Visual ecology of Neotropical reef fishes
The dazzling coloration of reef fishes is one of the most attractive natural phenomena. People have long been puzzled by the evolutionary history and adaptive significance of these conspicuous pattern. As an important intra- and interspecific signal, coloration of a reef fish is likely under both natural and sexual selection. Natural selection could favor decreased conspicuousness (i.e. contrast with the background) to minimize detection by predators. On the other hand, if colors serve as important interspecific signals, natural selection could favor increased conspicuousness, as in cleaner wrasses (genus Labroides). Alternatively, sexual selection might favor higher detectability. The argument about the function of reef-fish colors dates back to Darwin and Wallace, but there is still surprisingly little known about the signal function of these remarkable patterns.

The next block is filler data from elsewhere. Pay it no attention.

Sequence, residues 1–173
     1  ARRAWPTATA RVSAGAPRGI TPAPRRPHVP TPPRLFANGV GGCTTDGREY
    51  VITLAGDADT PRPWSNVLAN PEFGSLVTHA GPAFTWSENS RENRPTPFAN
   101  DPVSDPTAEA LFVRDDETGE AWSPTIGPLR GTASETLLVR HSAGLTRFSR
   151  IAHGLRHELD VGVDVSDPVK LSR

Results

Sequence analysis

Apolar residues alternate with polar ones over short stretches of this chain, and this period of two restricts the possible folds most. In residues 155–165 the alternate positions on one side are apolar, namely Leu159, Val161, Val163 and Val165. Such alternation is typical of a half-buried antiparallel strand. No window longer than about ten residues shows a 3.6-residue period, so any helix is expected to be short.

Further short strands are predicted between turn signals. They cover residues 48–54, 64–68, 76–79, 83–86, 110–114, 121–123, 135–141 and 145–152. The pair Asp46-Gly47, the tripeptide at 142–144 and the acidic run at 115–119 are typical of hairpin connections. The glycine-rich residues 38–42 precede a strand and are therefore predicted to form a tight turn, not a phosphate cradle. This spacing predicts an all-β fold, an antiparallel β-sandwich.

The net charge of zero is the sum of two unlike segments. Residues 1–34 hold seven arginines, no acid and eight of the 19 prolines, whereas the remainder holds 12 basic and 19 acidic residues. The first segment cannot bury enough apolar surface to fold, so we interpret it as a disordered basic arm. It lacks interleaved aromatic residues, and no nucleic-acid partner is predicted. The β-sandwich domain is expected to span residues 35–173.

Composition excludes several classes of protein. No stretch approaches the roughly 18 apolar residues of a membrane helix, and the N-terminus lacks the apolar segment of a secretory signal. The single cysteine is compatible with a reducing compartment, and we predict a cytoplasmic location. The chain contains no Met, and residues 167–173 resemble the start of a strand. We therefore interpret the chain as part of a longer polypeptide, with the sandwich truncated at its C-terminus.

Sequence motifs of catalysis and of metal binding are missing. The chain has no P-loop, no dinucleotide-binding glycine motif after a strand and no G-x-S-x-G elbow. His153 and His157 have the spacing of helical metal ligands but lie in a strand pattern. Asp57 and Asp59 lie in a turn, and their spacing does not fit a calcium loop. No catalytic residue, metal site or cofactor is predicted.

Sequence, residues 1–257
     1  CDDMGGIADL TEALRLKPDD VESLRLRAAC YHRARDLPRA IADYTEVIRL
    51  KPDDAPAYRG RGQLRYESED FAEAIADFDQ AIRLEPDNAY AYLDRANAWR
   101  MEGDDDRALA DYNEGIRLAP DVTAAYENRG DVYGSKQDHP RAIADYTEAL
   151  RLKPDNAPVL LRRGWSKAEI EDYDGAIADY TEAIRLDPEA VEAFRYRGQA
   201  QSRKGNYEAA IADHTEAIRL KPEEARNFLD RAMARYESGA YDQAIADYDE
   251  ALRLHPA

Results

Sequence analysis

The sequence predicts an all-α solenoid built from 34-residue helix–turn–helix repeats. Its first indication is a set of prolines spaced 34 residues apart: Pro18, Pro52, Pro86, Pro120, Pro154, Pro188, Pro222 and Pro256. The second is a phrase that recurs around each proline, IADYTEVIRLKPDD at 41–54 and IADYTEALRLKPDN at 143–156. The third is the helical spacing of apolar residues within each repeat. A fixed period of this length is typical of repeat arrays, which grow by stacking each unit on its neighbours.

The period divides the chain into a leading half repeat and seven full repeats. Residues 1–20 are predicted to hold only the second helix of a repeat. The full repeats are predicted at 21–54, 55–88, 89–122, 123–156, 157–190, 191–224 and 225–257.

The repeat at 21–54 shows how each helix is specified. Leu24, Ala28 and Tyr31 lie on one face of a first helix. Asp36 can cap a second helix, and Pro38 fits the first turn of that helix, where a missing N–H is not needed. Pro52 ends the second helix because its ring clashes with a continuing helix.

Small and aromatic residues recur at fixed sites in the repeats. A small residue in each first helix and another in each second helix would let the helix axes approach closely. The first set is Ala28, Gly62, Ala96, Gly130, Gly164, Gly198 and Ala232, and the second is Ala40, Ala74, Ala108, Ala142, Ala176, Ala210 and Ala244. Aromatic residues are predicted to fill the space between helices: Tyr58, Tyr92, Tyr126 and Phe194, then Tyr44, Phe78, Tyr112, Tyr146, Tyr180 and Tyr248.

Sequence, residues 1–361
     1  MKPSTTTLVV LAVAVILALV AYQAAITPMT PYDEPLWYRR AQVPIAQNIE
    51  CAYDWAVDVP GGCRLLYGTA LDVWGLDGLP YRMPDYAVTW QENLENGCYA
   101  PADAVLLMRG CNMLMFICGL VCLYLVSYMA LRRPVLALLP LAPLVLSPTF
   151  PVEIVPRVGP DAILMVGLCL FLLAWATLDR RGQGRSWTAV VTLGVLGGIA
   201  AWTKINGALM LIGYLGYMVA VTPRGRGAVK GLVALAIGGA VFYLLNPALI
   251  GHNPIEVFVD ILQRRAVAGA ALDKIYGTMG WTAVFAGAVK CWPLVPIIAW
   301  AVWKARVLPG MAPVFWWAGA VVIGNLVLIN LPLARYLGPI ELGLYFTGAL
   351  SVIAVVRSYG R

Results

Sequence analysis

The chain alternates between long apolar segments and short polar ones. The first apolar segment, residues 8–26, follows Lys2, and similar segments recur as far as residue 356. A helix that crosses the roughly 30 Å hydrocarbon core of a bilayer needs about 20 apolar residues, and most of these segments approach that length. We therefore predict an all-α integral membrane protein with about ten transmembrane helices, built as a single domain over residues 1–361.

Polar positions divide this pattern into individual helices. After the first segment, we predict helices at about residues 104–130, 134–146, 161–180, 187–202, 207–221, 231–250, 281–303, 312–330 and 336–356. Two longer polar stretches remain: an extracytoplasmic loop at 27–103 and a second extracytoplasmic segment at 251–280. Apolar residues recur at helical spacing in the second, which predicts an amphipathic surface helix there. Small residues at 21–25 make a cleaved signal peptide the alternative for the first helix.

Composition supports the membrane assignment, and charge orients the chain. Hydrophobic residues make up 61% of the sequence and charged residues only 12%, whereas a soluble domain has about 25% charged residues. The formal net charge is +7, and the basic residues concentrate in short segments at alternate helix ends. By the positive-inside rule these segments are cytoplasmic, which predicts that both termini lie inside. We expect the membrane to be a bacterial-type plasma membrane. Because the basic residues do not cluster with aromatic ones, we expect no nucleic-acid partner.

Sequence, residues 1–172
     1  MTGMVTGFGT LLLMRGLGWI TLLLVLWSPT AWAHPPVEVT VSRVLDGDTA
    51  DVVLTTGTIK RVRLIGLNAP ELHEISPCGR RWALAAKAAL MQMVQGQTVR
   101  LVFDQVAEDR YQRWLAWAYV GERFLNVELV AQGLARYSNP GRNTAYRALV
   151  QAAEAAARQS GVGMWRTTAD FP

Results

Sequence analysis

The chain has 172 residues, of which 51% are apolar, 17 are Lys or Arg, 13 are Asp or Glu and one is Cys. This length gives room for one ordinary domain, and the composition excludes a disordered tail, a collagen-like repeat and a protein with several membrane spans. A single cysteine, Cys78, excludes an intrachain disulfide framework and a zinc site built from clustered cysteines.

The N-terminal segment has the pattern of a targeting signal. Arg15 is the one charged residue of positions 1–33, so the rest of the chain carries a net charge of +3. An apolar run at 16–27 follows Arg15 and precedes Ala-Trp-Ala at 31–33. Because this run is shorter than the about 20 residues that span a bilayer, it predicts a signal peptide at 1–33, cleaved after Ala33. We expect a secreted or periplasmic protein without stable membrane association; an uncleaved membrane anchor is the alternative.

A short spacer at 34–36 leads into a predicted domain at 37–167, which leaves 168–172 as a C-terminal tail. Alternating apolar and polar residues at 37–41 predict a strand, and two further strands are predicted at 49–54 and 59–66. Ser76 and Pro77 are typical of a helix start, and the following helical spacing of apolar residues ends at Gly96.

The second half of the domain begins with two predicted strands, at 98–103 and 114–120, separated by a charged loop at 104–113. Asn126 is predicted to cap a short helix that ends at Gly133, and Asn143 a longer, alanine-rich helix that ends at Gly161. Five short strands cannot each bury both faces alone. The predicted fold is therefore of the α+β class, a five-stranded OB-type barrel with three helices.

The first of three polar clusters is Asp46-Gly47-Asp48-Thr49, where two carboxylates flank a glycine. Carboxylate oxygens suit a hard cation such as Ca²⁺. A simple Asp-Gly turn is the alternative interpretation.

The reef fish of the Neotropics provide a unique model for studying color-pattern evolution. While the Caribbean has brightly colored coral reefs and clear water, the Eastern pacific is characterized by rocky shoals and murky water. Multiple clades of reef-associated fishes have taxa in both oceans, providing a rare opportunity to conduct replicated, comparative studies of the effects of broad differences in environmental factors (turbidity, wavelength-specific attenuation, scattering, background features) on divergence in spectral and spatiotemporal components of reef-fish visual signals.